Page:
How to turn your hobby into a career - working as an equine & canine translator

11.15 - 11.55


 

How to turn your hobby into a career – working as an equine and canine translator

by Anita van Adelsbergen MCIL Chartered Linguist

 


Once you have made the decision of ‘going solo’ in your career as a linguist, how do you make sure you can both pay your bills as well as not burning out by doing the things you really don’t like?

This presentation provides tools and tips on how to find your niche and use it towards a successful career. The key to this is finding your true passion. When you do something you really like, your enthusiasm and perseverance will be able to lead you towards a successful business. If you are passionate about horses and dogs for example, why not try to incorporate that knowledge into your work? Anita will share some of her experiences on how to do this as well as giving some examples of what it is like to work in this field. Finding your niche may be a bit of a challenge for some, but once you learn more about yourself, you will have everything you need to succeed.


Anita van Adelsbergen MA MCIL CL is a Chartered Linguist in the UK and sworn translator in the Netherlands. Alongside her career as a linguist, she has been working as equestrian journalist and TV-commentator for international broadcasters, including the Dutch national broadcaster NOS. She is a qualified equine sports massage therapist and canine,-and equine behaviourist. She specialises in equine, canine, and veterinary translations.

Title - tbc

11.55 - 12.35

Paul Kaye MCIL
European Commission

Topic to be confirmed

Bringing your language skills into your career

13.40 – 15.00

 

 

The world’s a marketplace

by Anna Ostrovsky MCIL CL




In this double session workshop, Anna guides you through shaping your career as a linguist, focusing on the business and what you have to offer. She states that we need to be able to identify the needs in the marketplace, position ourselves and build a profile to constantly be solving business problems.


Anna is a London-based communications professional, fluent in English, French, German, Russian and Spanish. She has many years of international experience in corporate communications, storytelling and high-quality content creation in the EdTech, luxury goods and public service/healthcare sectors. Having worked with French, German and Russian clients in Germany, France and the UK, she likes implementing an efficient cross-cultural communications strategy and teaching language learners worldwide to communicate confidently in any language.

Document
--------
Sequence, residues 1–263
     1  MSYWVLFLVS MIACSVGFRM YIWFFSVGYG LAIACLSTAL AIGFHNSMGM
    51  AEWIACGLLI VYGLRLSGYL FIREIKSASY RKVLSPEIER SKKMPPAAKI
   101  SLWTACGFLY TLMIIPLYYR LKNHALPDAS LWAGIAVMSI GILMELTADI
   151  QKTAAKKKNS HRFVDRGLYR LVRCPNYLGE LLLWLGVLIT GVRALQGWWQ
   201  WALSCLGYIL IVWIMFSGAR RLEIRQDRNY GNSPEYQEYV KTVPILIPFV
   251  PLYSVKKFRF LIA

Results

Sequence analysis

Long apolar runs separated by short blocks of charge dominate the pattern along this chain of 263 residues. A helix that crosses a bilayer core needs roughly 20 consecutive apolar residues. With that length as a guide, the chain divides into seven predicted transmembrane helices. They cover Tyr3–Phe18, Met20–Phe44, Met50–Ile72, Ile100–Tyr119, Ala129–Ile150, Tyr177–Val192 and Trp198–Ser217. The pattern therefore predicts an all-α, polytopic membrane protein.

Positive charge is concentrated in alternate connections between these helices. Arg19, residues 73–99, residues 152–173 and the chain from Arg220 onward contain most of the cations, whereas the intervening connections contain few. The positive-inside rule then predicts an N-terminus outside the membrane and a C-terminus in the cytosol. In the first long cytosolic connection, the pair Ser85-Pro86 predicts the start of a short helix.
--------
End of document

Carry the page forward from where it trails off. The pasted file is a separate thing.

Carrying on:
Threlford Lecture: So you’re translator. What’s going on in your brain?

15.15 – 16.00

 


So you’re translator. What’s going on in your brain?

Dr Binghan Zheng, Durham University

 


The process of human translation, normally treated as a “black-box”, has been lightened to some extent with the help of cognitive and behavior study on translators in the last four decades. However, what really goes on inside of a translator’s brain when translating, has remained one of the chief known unknowns in translation studies (TS), and should be researched with the help of methods from neuropsychology and neurolinguistics. Against this background, I aim to overview existing research on the translating and interpreting brain. First, I will discuss the various neuroscientific tools that have been employed to examine various translation processes. Second, I will present the relevant research on neuroscience of translation which spans almost one century. Third, I will highlight key findings about major topics for TS. Finally, I will present my recent project about the translating brain, evidenced by fMRI data collected from 25 translators. I will report the findings concerning different brain region activations between reading and translating tasks, and between forward and backward translation directions. In short, this speech aims to offers an overview of an exciting research field for the development of TS in the 21st century.


Dr Binghan Zheng is Associate Professor of Translation Studies at Durham University, where he serves as the Director of the Centre for Intercultural Mediation and Director of MA in Translation Studies. He has held a by-fellowship at Churchill College of Cambridge University, Chair professorship at Wuhan University of Technology and Visiting professorship at Nankai University in China. His research interests include cognitive translation studies, comparative translation studies, and neuroscience of translation. He has published 5 monographs and edited books, with over 30 research papers appearing in translation journals and edited volumes, including Target, Babel, Perspectives, Across Languages and Cultures, Translation & Interpreting Studies, The Linguist, Translation Cognition & Behavior, Asia-Pacific Translation & Intercultural Studies, Foreign Language Teaching & Research, and Journal of Foreign Languages. He is a guest editor of journals including Translation and Interpreting Studies, Translation Quarterly, and Foreign Language Teaching & Research. He is currently co-editing a book titled Empirical Studies in Translation and Interpreting: The Post-structuralist Approach (Routledge).